OKLAHOMA CITY - As part of the Oklahoma City Public School District's plan to improve the district, re-align its student population and increase educational opportunities for all students, district officials released three options it intends to move forward with, under which 15 or 18 schools could be closed.
Superintendent Sean McDaniel presented the three options, or paths, of the district's "Pathway to Greatness" project at a school board meeting at Northeast Academy Tuesday evening. With more than 400 people filling the auditorium, many concerned their school could be on the closure list, McDaniel first addressed what students, parents and families would get in return from all three path options: redirecting money and resources to better serve students.
No matter the path ultimately chosen by the school board, McDaniel said all paths would offer trade-ups for students, families, teachers and staff. However, school closures, consolidations, grade restructuring and building re-purposing are inevitable for the start of next school year.
Under the first two paths, A and B, 15 schools would close and buildings would be re-purposed for such uses as community centers, early childhood centers, or for use by the Oklahoma City-County Health Department. "Path C" calls for 18 schools to be closed a re-purposed. Under all three plans, other schools would re-open, serving new grade levels, depending on the option chosen. Attendance zones, and feeder patterns would also change under the plans.
- Click here for a summary of Path A
- Click here for a summary of Path B
- Click here for a summary of Path C
McDaniel said no matter the path chosen, every elementary school would offer full-time art, music and PE classes, every day (currently only 18 of 54 schools provide art, music and PE). Elementary schools would also receive at least one full-time counselor, compared the quarter of schools that do currently. McDaniel said the three paths would also lower the average K-6 class size, and increase support staff for teachers.
After McDaniel finished the presentation, some who left the auditorium expressed a feeling of being overwhelmed by the options presented, yet open to the options.
"I think they said quite a bit. At the same time, I think we need to get more details about what (McDaniel) is actually saying. I'm all for that. I'm all for it. But at the same time, we just want clarity on what — exactly — our future looks like," said Carla Burton, an alumna and current staff member at Star Spencer High School.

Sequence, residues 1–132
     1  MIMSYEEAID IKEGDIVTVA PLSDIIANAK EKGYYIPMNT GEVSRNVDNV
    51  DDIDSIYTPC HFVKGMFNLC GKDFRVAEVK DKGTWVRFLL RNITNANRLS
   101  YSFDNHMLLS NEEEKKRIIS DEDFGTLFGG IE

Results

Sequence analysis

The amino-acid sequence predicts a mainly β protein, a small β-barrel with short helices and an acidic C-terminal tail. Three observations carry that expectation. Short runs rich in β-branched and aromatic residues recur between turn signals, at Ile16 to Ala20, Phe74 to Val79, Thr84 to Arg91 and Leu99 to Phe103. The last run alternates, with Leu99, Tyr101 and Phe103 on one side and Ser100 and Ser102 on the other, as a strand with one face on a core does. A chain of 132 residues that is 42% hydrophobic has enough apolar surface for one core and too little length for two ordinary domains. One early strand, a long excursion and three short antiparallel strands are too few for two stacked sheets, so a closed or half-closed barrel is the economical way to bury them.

"Everything sounds hopeful," Burton said, adding she plans to attend the community meeting at U.S. Grant High School Wednesday. "The full plan looks promising to me. Like I said, we’re standing by, just waiting to see what else is in the works."
The options will be be presented and open for discussion at meetings in the coming days. Community meetings will be held at 6:00 p.m. at U.S. Grant High School Wednesday (English) and Thursday (Spanish). Meetings next week are scheduled for 6 p.m. Monday at Star Spencer High School, Tuesday at Douglass High School, and Wednesday at NW Classen High School.
"I feel like that was a lot of information to gather, but it gives us an idea of where we can be," said Teleace White, who has children that attend Northeast Academy High School and FD Moon Elementary. White said she was relieved to find out her son's school, FD Moon, wasn't closing. But said she's cautiously optimistic about the plans.
"We're trying. So as we grow, we hope that (McDaniel's) models will maybe allow (the district) to grow further," White said.
"It's nice to see all three paths. It's sad that there’s going to be at least 15 schools affected by the paths. But just knowing that there's a plan is relieving," said parent Tia Cookson, also an FD Moon parent. "I think it's imperative for the schools staying open to have plans to receive the students affected by the closures, and as a community, just to make sure we're welcoming those babies and their families."
Both White, Cookson, and other parents in attendance voiced similar concerns, that there must be the support for not just students and families, but teachers and staff, no matter the transition path chosen by the school board. A suggestion will be presented by late February with the school board scheduled to approve an option by early March. The chosen plan will then be implemented for the start of the 2019-2020 school year.
"It's the biggest district in the state. And yet, it's not the best, and it should be the best," Cookson said. "As long as we get what we're told we're going to get, yes. It's a good concept. The question is it going to be a reality?"